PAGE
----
Democratic Senate candidate Bob Kerrey said Thursday that he hates the employer mandate in the Affordable Care Act and that his own businesses might drop employee insurance and pay the federal fine for doing so if the mandate goes into effect in 2014.
Kerrey said wealthy Americans pay their fair share in taxes. And he said President Barack Obama made a big mistake by not following the recommendations of his own bipartisan budget deficit commission.
And, because someone in the Suburban Rotary Club asked, he considers New York City’s ban on supersize soft drinks “a step too far.”
“Bob, you’re almost starting to sound Republican,” said Sol Kutler, part of the largely Republican crowd of 102 people at the club luncheon in Omaha.
“Half of me is kinda Republican,” Kerrey replied.
Kerrey wasted no opportunity to remind the Rotary audience that he’s a longtime co-owner of Nebraska small businesses — Grandmother’s Restaurants and Prairie Life health clubs.
His remarks about the Affordable Care Act, the law often called “Obamacare,” came in response to a question from Kutler, 85, a small-business man and Republican.
“Do you find anything about (Obamacare) that you disagree with?” Kutler asked.
“Oh, yeah — yes, I do,” Kerrey replied.
He singled out a portion of the plan that says if a company with more than 50 workers stopped offering health coverage it would face a fine of $2,000 per employee.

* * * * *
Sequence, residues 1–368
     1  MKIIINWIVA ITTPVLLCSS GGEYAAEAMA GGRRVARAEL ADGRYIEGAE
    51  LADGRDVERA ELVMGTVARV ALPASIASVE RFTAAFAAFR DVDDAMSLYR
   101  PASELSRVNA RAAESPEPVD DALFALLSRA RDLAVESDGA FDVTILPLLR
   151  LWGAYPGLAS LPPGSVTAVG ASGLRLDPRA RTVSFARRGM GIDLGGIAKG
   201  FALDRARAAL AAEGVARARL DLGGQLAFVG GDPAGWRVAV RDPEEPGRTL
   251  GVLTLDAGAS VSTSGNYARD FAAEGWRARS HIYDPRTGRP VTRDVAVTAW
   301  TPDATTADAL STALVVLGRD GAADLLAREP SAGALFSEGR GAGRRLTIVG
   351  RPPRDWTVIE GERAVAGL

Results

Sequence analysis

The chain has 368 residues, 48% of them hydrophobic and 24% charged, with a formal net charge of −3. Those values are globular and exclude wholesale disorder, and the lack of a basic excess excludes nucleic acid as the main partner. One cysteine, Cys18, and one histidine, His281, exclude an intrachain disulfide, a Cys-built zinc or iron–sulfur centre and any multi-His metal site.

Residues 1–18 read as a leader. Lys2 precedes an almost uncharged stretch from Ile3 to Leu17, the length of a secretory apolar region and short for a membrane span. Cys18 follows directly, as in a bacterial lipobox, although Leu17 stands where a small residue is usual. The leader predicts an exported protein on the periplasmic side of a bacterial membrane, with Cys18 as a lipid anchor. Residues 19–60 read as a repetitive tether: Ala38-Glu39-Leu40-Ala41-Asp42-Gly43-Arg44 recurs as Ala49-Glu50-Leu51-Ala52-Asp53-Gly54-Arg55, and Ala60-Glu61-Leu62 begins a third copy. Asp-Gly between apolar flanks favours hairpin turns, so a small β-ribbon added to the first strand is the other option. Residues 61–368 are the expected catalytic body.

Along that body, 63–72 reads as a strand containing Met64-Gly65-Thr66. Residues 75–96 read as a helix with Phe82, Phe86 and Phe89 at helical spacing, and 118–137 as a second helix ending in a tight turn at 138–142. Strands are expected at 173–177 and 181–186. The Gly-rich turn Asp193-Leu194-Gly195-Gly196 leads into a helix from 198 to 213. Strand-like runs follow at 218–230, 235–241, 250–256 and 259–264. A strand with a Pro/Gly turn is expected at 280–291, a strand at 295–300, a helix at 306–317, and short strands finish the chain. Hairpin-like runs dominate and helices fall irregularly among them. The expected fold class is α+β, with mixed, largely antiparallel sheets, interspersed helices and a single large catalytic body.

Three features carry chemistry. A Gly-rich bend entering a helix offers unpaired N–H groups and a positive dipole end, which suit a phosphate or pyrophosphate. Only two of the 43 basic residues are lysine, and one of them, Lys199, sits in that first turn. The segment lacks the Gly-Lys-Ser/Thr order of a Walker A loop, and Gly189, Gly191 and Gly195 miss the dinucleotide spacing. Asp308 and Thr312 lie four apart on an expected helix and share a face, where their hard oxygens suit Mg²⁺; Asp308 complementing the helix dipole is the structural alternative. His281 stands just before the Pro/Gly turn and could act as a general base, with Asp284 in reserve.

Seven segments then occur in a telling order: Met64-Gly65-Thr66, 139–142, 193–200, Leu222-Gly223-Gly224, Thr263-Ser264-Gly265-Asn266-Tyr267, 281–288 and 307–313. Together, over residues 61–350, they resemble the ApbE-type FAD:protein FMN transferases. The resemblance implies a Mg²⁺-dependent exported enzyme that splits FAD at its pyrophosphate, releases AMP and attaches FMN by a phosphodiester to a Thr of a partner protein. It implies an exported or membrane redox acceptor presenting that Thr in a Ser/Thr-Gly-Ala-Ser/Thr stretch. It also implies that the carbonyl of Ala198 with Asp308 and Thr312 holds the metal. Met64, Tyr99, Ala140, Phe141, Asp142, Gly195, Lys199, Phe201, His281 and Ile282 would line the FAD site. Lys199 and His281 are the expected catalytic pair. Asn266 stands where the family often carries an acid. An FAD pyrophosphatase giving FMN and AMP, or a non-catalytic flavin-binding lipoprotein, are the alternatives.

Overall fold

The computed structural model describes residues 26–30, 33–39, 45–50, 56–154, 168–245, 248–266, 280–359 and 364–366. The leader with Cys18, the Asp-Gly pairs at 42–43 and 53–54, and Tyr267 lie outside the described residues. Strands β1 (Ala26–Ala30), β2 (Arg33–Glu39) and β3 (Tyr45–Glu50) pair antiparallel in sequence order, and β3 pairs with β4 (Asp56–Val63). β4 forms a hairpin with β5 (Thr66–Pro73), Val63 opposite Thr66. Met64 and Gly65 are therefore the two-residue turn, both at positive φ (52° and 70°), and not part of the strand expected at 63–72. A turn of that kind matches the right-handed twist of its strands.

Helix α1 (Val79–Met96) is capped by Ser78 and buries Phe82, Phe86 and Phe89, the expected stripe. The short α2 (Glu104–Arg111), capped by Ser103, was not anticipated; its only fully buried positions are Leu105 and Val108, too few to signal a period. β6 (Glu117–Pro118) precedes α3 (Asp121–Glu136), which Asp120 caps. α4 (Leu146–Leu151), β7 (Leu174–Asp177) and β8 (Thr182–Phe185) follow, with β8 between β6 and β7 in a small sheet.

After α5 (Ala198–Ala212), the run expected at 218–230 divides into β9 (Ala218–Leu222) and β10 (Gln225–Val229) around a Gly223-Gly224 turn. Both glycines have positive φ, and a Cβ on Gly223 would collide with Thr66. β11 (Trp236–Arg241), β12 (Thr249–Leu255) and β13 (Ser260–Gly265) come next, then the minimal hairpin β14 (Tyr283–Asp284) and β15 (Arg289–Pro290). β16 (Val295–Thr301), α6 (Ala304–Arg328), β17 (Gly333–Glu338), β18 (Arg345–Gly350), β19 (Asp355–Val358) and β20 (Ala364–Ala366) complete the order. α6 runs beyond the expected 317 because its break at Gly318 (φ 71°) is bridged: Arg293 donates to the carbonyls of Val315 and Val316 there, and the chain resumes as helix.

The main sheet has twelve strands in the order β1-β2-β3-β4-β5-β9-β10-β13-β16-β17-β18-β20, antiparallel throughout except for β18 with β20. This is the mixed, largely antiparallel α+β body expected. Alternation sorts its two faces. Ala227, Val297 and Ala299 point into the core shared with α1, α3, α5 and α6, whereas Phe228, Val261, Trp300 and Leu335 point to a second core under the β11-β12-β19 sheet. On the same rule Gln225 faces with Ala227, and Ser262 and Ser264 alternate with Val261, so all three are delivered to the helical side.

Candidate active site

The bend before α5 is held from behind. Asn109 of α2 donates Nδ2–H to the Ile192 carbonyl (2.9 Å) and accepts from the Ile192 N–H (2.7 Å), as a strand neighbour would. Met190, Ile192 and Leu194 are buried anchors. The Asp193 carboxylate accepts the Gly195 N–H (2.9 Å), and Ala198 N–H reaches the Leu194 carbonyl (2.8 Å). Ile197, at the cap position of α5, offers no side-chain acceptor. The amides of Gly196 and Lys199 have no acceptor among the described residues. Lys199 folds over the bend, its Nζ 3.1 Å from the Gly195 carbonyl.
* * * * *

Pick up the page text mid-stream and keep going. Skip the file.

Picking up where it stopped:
Questions have been raised about whether companies would stop paying for employees’ insurance and send them to obtain their own coverage from new insurance exchanges.
“I hate the employer mandate,” Kerrey said. “I think it’s going to have a counterproductive impact. We don’t have any (insured employee) that costs us less than $7,000 (a year), and the fine’s $2,000. We’ll dump ’em off. We won’t call it dumping, we’ll say ... ‘Go get it from the exchange.’”
He said the employer mandate “will accelerate an already breaking-down employer-based system.” That portion of the law should be repealed, he said.
Asked later if he meant that his Nebraska businesses would stop providing health insurance to its employees, Kerrey said he had not talked about the matter at length with co-owner Dean Rasmussen, but that businesses would have an incentive to drop health coverage.
“I don’t know for certain what Dean will do, but it is likely that he’s going to have a very powerful incentive to tell the employees ‘You can get your insurance from a private plan,’” Kerrey said.
The audience gave Kerrey — who is running against Republican State Sen. Deb Fischer of Valentine — a polite reception.
He told them one of his priorities in the Senate would be addressing the looming insolvency of Social Security, a solution he said would require raising taxes as well as reducing benefits.
“All of us (politicians) are almost equal opportunity panderers to people over 65,” Kerrey said. “We’re afraid they won’t vote for us.”
Both the president and Republican nominee Mitt Romney are saying nobody over 55 will have to pay more, Kerrey said.
“(State) Sen. Fischer says nobody over 40 will,” he said.
Kerrey backs a plan based on the 2010 Simpson-Bowles report, a set of anti-deficit recommendations named after the presidential panel’s chairmen. It proposes changes such as delaying the age at which younger workers could draw retirement benefits, slowing cost-of-living adjustments and allowing more of the income earned by higher earners to be subject to the payroll tax.
Kerrey faulted Obama for not championing Simpson-Bowles while the recommendations might have enjoyed bipartisan support.
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